## Pennies, Nickles, & Dimes

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• Hi All: I m baffling myself with what seems like an easy and straightforward problem. Suppose that you have an equal number of pennies, nickles, and dimes in a
Message 1 of 6 , Jan 1, 2003
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Hi All:

I'm baffling myself with what seems like an easy and straightforward
problem.

Suppose that you have an equal number of pennies, nickles, and dimes
in a bag. Would you think that the probability of reaching into the
bag and pulling out an equal number of each of the coins is equal to
50%?

Let's try to be more specific. Let's say there are 17 pennies, 19
nickles, and 21 dimes in the bag. What is the probability of
reaching in and pulling out exactly 2 of each type of coin in one
grab? I.E., we're pulling out 6 coins from a bag of 57 coins, 2 each
of pennies, nickles, and dimes in a 17:19:21 ratio. What is the
probability that this would occur?

I'm figuring around a 13% chance, but I feel like it should be closer
to a 50% chance, as there is only a "slight" difference in the ratio
of the different coins. Could anyone explain the exact probability
and how to calculate it? This is for a problem that I posed to my
high school freshmen that I teach to.

Thank you very much for your time and consideration.

Sincerely,

Michael L Werth
mwerth@...
• Hi, you re right that the probability of your second problem is about 13,5%. Of all 28 possible combinations of 6 coins from the bag, the 2-2-2 case is the
Message 2 of 6 , Jan 2, 2003
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Hi,

you're right that the probability of your 'second' problem is about 13,5%.
Of all 28 possible combinations of 6 coins from the bag, the 2-2-2 case is
the most probable (least probable is 6 pennies and no other coins).

The way I calculate it, is probably the same as you did:
nCr(17,2)*nCr(19,2)*nCr(21,2)/nCr(57,6), which is a variation of the
hypergeometric distribution formula. I used the COMBIN(n,r) function of
Excel to compare the probabilities of all possible combinations of 6 coins.

Changing the 17, 19, 21 into 20,20,20, my Excel sheets says the probability
of the 2-2-2 combination is 13,7%.

Kind regards,

Pedro

-----Original Message-----
From: Michael L Werth <mwerth@...> [mailto:mwerth@...]
Sent: Thursday, January 02, 2003 3:51 AM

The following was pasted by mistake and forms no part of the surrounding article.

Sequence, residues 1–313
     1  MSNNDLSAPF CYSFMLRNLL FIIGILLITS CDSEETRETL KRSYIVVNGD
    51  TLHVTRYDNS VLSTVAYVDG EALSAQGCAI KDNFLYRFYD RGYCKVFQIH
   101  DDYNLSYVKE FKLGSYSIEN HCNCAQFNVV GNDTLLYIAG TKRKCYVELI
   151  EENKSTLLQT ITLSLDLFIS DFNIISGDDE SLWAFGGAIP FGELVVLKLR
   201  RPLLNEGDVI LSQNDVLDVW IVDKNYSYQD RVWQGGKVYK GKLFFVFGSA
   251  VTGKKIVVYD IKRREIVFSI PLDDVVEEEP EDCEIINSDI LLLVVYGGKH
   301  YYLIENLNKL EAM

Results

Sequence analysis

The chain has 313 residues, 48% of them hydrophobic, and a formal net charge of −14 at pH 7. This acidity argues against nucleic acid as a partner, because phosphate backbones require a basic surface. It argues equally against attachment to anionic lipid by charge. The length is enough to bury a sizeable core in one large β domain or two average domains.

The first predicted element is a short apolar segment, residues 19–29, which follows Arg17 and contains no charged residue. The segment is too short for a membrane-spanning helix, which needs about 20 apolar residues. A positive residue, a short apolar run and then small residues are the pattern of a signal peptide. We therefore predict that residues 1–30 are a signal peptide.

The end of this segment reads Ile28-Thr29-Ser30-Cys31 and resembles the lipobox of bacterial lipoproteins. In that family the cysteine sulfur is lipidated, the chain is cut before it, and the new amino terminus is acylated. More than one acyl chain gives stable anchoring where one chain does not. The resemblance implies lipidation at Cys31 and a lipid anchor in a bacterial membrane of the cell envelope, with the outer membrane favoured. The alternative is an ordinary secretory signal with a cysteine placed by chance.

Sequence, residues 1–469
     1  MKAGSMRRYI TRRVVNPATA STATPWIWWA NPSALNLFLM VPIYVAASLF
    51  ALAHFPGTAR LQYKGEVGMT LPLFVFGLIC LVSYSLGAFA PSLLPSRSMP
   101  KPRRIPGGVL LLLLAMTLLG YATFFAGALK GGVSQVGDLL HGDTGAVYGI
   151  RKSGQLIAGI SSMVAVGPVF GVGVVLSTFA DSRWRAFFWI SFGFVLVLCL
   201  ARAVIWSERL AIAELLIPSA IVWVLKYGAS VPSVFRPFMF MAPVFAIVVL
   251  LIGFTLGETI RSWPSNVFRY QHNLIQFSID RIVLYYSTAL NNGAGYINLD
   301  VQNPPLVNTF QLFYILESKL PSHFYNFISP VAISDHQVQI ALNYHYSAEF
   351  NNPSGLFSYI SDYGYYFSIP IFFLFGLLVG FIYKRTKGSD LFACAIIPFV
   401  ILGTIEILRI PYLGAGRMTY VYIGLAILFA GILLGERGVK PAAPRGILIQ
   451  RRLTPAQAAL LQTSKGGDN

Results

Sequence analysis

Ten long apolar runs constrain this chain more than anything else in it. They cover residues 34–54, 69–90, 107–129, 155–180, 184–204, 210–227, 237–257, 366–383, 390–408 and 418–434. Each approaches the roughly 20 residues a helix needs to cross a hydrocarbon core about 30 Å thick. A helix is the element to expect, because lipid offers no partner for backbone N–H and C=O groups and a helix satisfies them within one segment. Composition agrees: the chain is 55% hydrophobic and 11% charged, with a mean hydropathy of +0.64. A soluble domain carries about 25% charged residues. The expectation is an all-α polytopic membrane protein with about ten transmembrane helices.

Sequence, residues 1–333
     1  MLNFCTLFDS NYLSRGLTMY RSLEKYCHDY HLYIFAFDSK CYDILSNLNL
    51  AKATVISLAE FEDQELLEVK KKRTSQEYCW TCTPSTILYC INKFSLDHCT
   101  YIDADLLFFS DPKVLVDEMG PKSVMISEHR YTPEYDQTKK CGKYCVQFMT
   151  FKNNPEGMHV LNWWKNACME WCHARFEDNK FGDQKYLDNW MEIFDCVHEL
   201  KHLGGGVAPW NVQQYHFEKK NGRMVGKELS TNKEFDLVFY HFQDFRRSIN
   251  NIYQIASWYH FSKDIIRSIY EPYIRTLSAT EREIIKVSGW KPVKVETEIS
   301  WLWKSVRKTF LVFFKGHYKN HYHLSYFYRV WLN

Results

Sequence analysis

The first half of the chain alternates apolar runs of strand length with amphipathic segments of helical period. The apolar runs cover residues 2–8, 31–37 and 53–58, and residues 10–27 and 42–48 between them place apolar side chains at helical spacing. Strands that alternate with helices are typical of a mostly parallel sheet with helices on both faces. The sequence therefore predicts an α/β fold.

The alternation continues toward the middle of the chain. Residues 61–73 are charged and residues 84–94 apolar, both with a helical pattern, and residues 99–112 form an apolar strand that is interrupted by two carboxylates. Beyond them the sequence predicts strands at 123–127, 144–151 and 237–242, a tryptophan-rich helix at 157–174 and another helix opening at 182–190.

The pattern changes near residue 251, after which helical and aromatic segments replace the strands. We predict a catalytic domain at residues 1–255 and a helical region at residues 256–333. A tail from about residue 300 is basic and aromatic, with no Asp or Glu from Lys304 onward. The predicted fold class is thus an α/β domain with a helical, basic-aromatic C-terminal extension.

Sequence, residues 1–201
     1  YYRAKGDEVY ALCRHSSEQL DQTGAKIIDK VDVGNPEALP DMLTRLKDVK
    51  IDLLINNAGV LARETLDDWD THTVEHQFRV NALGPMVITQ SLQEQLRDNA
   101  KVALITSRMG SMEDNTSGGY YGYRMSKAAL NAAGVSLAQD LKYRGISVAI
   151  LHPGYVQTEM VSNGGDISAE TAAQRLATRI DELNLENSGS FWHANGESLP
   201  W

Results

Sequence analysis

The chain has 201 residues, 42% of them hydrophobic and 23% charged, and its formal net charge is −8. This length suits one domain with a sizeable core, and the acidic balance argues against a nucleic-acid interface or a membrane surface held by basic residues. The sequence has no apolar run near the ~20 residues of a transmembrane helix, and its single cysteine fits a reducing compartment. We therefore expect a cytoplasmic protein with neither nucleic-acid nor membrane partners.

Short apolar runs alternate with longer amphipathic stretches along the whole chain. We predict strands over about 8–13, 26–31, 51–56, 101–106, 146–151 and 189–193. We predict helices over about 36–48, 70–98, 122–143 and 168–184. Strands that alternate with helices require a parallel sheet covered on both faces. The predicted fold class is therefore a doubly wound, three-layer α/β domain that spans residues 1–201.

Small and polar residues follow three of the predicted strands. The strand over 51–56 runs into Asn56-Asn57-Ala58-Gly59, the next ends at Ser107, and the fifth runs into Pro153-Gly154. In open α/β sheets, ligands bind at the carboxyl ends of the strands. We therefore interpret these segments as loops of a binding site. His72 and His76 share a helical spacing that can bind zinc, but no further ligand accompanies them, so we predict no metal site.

To: probability@yahoogroups.com
Subject: [probability] Pennies, Nickles, & Dimes

Hi All:

I'm baffling myself with what seems like an easy and straightforward
problem.

Suppose that you have an equal number of pennies, nickles, and dimes
in a bag. Would you think that the probability of reaching into the
bag and pulling out an equal number of each of the coins is equal to
50%?

Let's try to be more specific. Let's say there are 17 pennies, 19
nickles, and 21 dimes in the bag. What is the probability of
reaching in and pulling out exactly 2 of each type of coin in one
grab? I.E., we're pulling out 6 coins from a bag of 57 coins, 2 each
of pennies, nickles, and dimes in a 17:19:21 ratio. What is the
probability that this would occur?

I'm figuring around a 13% chance, but I feel like it should be closer
to a 50% chance, as there is only a "slight" difference in the ratio
of the different coins. Could anyone explain the exact probability
and how to calculate it? This is for a problem that I posed to my
high school freshmen that I teach to.

Thank you very much for your time and consideration.

Sincerely,

Michael L Werth
mwerth@...

[Non-text portions of this message have been removed]
• Hi Jason: My thinking went along this way: For 17 pennies, 19 nickels, and 21 dimes, P(draw 2p, 2n, & 2d, order not important): Let s see, to reach in and pull
Message 3 of 6 , Jan 5, 2003
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Hi Jason:

My thinking went along this way:

For 17 pennies, 19 nickels, and 21 dimes, P(draw 2p, 2n, & 2d, order not important):

Let's see, to reach in and pull out ANY six coins out of the bag, there is a 100% probability.

Since there are nearly an EQUAL number of each of three different kinds of coins, maybe I had an nearly even or nearly 50% chance to end up with two of each?